Maximum seating capacity for all Routans is seven passengers, but our test vehicle replaced the standard middle-row bench seat with a set of captain chairs for increased space and separation. The Volkswagen model does not offer Chrysler's trick Stow 'n GoÂ® or Swivel 'n GoÂ® second-row seating most likely for proprietary reasons, but in doing so allowed Volkswagen to offer more comfortable seats for the middle row. While Stow 'n GoÂ® allows the seats to fold into the floors, it also makes the seats thinner and less supportive for most adults over long hauls. Thankfully, the large cubbyholes found under the second-row seat floorboards are still present and are lined with plastic to store items that might be wet or muddy, but getting into these bins proved to be slightly difficult if the front seats are too far back. To help keep rear passengers comfortable, the Routan allows the second-row windows to lower almost all the way and the third-row windows to vent, but all the rear side windows offer manual sunshades to help reduce the heat.
Of all the convenience that the Routan affords its drivers, we suspect the most useful option for soccer moms and dads will be the power-operated sliding doors and remote start. Operated with the key fob, switches in the overhead console or switches mounted on the B-pillars, the power sliding doors open and close quickly and are equipped with pinch protection to prevent any accidents. To maximize the simplicity of the Routan, the third-row seats fold flat into floor through an easy, three-step process, but when the seats are up, the large storage compartment proves to be quite useful when hauling bulky or tall cargo. With all the fold flat capabilities and in-floor storage compartments, there was no room under cargo area for a spare tire, so it is actually mounted under the passenger front seat. The SEL trim level also offers a power liftgate and a power folding rear seat to quickly transform the rear bench seat into a flat cargo area, but the middle rowÂ is still latched to the floor board, making removal a little more challenging and time consuming. Once the cargo area is opened up, the Routan can hold up to 143.8 cubic feet of cargo.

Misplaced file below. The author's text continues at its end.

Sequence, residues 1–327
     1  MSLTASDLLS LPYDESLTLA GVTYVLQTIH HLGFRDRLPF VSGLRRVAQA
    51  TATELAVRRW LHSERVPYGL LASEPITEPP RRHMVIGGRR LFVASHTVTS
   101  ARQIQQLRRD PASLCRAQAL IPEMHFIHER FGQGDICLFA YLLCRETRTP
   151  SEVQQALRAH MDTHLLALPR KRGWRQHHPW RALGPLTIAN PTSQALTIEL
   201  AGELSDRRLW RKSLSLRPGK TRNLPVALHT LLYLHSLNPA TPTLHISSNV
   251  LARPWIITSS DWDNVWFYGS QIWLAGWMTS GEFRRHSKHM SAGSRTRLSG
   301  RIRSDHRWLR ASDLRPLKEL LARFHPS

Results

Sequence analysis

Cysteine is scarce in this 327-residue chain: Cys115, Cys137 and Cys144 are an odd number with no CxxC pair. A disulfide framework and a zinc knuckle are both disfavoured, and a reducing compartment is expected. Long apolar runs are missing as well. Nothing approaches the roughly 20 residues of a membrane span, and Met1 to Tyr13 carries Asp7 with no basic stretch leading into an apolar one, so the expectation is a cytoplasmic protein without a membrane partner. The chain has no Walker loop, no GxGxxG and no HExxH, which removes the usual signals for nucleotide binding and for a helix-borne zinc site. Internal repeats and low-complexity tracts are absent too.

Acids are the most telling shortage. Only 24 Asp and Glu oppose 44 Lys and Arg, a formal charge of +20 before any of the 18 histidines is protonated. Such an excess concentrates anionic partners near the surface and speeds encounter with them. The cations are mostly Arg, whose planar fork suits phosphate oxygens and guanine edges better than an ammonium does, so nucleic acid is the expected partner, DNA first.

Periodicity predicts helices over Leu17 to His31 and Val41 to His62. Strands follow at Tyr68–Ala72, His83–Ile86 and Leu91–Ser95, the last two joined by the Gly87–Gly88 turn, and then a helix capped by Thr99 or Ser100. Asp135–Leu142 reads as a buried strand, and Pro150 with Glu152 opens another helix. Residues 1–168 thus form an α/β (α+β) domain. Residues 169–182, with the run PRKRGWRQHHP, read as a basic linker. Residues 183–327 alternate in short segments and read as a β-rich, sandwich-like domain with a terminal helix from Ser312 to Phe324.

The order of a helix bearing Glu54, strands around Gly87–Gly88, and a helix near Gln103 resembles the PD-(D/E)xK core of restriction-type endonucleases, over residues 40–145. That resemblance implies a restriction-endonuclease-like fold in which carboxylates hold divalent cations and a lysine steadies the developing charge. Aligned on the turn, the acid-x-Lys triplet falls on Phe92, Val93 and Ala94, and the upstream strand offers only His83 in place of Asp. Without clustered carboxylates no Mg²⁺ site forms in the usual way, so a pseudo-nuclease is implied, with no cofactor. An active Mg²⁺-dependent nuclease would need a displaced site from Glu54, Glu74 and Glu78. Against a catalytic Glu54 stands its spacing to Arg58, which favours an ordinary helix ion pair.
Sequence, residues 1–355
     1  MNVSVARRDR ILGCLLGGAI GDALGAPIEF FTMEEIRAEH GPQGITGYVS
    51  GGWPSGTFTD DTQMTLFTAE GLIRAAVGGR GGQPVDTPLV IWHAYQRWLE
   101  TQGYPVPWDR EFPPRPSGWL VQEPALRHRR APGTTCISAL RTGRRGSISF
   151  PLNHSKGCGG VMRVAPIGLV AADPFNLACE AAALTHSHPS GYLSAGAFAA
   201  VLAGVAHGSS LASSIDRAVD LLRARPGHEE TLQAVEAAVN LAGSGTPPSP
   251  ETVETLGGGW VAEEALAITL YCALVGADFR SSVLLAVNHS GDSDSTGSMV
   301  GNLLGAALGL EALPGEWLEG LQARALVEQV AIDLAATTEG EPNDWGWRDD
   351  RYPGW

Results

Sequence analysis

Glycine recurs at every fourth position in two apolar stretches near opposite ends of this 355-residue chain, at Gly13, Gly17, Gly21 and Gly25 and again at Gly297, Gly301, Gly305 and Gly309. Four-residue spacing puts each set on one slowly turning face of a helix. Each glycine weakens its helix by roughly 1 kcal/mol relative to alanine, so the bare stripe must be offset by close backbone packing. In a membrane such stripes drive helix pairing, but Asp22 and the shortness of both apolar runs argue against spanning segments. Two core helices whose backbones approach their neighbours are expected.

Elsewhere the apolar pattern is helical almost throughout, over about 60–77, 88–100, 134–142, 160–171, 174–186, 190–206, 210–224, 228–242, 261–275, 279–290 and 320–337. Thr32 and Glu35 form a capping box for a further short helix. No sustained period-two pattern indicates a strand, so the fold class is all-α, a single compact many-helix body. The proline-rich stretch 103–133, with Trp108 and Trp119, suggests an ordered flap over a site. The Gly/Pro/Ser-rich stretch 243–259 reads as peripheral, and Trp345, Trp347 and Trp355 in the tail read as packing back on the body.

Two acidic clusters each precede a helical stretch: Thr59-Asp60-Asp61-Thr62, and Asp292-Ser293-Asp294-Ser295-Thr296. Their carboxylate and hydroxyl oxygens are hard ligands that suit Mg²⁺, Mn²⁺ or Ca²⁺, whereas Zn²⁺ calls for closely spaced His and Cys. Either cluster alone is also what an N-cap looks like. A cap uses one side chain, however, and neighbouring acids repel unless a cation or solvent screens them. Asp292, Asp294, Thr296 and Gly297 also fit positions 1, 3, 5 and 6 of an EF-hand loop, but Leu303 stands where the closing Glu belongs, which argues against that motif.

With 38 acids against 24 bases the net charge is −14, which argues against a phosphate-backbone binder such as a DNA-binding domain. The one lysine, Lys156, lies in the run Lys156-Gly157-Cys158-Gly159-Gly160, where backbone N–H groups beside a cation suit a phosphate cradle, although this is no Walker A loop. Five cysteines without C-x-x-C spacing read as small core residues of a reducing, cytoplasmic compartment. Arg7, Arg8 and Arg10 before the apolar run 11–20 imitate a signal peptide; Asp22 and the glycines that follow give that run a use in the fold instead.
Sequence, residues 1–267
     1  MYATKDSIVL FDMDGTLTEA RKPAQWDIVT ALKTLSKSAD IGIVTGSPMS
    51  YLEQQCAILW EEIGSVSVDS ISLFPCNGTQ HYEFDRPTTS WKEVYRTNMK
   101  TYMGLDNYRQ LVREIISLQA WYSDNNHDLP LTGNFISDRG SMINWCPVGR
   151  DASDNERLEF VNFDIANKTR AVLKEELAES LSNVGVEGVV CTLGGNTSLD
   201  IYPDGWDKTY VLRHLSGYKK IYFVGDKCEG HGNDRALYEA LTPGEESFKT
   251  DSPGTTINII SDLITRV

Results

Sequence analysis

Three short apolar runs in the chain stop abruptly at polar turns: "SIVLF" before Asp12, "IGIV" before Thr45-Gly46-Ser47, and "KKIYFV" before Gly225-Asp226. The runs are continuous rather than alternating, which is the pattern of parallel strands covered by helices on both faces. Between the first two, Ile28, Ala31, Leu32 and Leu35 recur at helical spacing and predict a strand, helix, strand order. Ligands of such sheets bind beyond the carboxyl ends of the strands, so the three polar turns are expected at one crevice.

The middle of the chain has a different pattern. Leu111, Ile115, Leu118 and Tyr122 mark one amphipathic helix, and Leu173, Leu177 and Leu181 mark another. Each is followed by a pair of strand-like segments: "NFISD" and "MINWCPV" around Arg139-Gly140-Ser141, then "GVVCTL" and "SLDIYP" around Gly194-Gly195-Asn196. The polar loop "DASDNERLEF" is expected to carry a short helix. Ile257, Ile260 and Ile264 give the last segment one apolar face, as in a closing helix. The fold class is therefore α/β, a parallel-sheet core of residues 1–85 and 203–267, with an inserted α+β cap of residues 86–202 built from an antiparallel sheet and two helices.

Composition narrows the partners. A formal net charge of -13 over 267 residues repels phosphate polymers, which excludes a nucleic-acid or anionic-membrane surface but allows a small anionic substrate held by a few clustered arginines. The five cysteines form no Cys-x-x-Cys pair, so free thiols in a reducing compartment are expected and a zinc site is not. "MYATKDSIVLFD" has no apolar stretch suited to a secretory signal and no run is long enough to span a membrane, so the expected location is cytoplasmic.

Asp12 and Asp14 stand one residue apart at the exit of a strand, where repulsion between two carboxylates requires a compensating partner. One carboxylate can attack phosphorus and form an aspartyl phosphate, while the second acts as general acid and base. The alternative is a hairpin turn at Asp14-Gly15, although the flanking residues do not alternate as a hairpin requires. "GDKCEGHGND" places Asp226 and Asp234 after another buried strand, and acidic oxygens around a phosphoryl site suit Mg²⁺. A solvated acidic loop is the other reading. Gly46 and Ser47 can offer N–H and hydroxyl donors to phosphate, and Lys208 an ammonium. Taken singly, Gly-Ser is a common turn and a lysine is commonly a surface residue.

2009 Volkswagen Routan SE Performance & Handling